Data Augmentation (DA) -- enriching training data by adding synthetic samples -- is a technique widely adopted in Computer Vision (CV) and Natural Language Processing (NLP) tasks to improve models performance. Yet, DA has struggled to gain traction in networking contexts, particularly in Traffic Classification (TC) tasks. In this work, we fulfill this gap by benchmarking 18 augmentation functions applied to 3 TC datasets using packet time series as input representation and considering a variety of training conditions. Our results show that (i) DA can reap benefits previously unexplored, (ii) augmentations acting on time series sequence order and masking are better suited for TC than amplitude augmentations and (iii) basic models latent space analysis can help understanding the positive/negative effects of augmentations on classification performance.
* to appear at Passive and Active Measurements (PAM), 2024
In this technical report, we present TeleChat, a collection of large language models (LLMs) with parameters of 3 billion, 7 billion and 12 billion. It includes pretrained language models as well as fine-tuned chat models that is aligned with human preferences. TeleChat is initially pretrained on an extensive corpus containing a diverse collection of texts from both English and Chinese languages, including trillions of tokens. Subsequently, the model undergoes fine-tuning to align with human preferences, following a detailed methodology that we describe. We evaluate the performance of TeleChat on various tasks, including language understanding, mathematics, reasoning, code generation, and knowledge-based question answering. Our findings indicate that TeleChat achieves comparable performance to other open-source models of similar size across a wide range of public benchmarks. To support future research and applications utilizing LLMs, we release the fine-tuned model checkpoints of TeleChat's 7B and 12B variant, along with code and a portion of our pretraining data, to the public community.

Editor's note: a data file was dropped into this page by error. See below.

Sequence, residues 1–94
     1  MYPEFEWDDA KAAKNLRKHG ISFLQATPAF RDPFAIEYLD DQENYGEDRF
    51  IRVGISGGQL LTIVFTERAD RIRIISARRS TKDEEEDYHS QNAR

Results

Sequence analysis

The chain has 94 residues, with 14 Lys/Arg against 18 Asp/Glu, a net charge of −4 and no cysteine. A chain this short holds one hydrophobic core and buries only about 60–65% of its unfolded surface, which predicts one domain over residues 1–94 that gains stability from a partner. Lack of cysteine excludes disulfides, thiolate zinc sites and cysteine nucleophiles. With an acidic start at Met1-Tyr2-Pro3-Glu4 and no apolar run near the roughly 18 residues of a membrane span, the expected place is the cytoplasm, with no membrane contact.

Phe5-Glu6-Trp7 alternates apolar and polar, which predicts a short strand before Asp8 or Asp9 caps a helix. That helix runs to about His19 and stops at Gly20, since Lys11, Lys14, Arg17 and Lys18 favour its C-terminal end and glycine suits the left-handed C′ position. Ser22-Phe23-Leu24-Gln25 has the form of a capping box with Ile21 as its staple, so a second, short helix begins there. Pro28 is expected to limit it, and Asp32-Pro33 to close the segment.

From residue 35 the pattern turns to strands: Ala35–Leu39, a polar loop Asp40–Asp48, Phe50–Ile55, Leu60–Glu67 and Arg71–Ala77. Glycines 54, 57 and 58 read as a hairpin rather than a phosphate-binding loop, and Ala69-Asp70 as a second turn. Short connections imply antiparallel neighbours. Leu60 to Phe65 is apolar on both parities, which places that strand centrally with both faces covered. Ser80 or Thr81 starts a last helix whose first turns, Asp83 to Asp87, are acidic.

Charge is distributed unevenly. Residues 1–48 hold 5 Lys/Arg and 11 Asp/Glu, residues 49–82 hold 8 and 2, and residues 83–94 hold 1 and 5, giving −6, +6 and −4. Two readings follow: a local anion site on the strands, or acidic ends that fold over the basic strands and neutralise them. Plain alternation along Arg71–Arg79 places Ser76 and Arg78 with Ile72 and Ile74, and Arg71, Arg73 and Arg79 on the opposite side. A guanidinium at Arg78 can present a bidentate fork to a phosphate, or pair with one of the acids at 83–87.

Pipeline parallelism is an essential technique in the training of large-scale Transformer models. However, it suffers from imbalanced memory consumption, leading to insufficient memory utilization. The BPipe technique was proposed to address this issue and has proven effective in the GPT-3 model. Nevertheless, our experiments have not yielded similar benefits for LLaMA training. Additionally, BPipe only yields negligible benefits for GPT-3 training when applying flash attention. We analyze the underlying causes of the divergent performance of BPipe on GPT-3 and LLaMA. Furthermore, we introduce a novel method to estimate the performance of BPipe.
The zero-shot performance of visual question answering (VQA) models relies heavily on prompts. For example, a zero-shot VQA for disaster scenarios could leverage well-designed Chain of Thought (CoT) prompts to stimulate the model's potential. However, using CoT prompts has some problems, such as causing an incorrect answer in the end due to the hallucination in the thought process. In this paper, we propose a zero-shot VQA named Flood Disaster VQA with Two-Stage Prompt (VQA-TSP). The model generates the thought process in the first stage and then uses the thought process to generate the final answer in the second stage. In particular, visual context is added in the second stage to relieve the hallucination problem that exists in the thought process. Experimental results show that our method exceeds the performance of state-of-the-art zero-shot VQA models for flood disaster scenarios in total. Our study provides a research basis for improving the performance of CoT-based zero-shot VQA.
* already be accepted by 2024 3rd International Conference on Computer,
Artificial Intelligence and Control Engineering (CAICE 2024)